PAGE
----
A few weeks ago I met a friend at a park so our kids could have a playdate. She had just moved to San Diego from Hawaii, where she had lived most of her life. After the kids had been playing for a while, they told us they were hungry. My friend had a bunch of snacks my kids were coveting, so they addressed her by her first name, and then politely asked if they could have some of them. She gave them the snacks, but as soon as they were out of sight, she turned to me and mockingly admonished, “Why aren’t your kids calling me ‘aunty?’ Have you been living [on] the mainland too long?”
There it was — I was caught in the parent name trap again.
In Hawaii, locals expect children to call adults either “aunty” or “uncle” regardless of whether or not the kids are related to them. I didn’t move to Hawaii until I was in elementary school, and by then I was already hardwired with my Southern manners (I was born in Georgia) to address adults as “Mr.,” “Miss,” or “Mrs.” unless they told me otherwise. The only exceptions to this rule were the few adult friends my mom had; she insisted I call them “A Yi,” which means aunty in Chinese. But to this day, I still have a hard time calling adults older than me aunty or uncle.
So when we had our own kids, my husband and I took an informal tactic. We decided to let our kids call other adults by their first names unless the adults preferred a more formal salutation. I tell all my children’s friends to call me Tracey. For the most part, it’s worked out fine — with a few exceptions.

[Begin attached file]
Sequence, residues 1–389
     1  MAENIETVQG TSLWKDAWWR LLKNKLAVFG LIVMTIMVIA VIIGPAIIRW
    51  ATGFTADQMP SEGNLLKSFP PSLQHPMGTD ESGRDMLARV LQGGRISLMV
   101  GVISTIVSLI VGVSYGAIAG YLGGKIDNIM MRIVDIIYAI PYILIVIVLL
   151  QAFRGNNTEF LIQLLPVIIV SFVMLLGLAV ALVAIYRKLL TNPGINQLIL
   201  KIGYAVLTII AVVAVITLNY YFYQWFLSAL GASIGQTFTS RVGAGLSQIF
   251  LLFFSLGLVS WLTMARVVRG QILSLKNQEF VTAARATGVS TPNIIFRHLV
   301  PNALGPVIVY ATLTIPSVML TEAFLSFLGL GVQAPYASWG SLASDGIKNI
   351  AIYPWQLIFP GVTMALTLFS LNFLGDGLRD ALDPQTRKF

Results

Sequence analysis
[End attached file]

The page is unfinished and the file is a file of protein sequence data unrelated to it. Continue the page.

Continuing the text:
For instance, when we’re in Hawaii visiting family, most of our friends expect to be called aunty or uncle. We let our kids do it, but when we return to San Diego, they always get confused and want us to explain whether our friends are really related to them or are just friends.
Here in San Diego, it’s not common for adults to be referred to as aunt or uncle unless there’s a cultural influence. In fact, a mom in a playgroup actually told me she’d be offended if a child called her “aunty” because she felt like it was throwing around a familial name in vain. She told me she preferred the salutation with which most preschoolers are familiar: Miss + the adult’s first name, e.g. Miss Kate. While I wouldn’t be offended if a kid called me his aunt if I really wasn’t, I’d probably just tell him to call me Tracey to keep things simpler.
Luckily, most of our friends and neighbors are just fine being called by their first names. I try to teach my kids that they should call adults whatever they prefer – whether it’s Mrs. Johnson, Miss Jennifer, Jim, or uncle Jack. I just don’t want them saying, “Hey, you!” or “old lady” like they’ve jokingly called me a few times.
So what do your kids do? Can they call your friends by their first name? Or do you prefer a more formal salutation?
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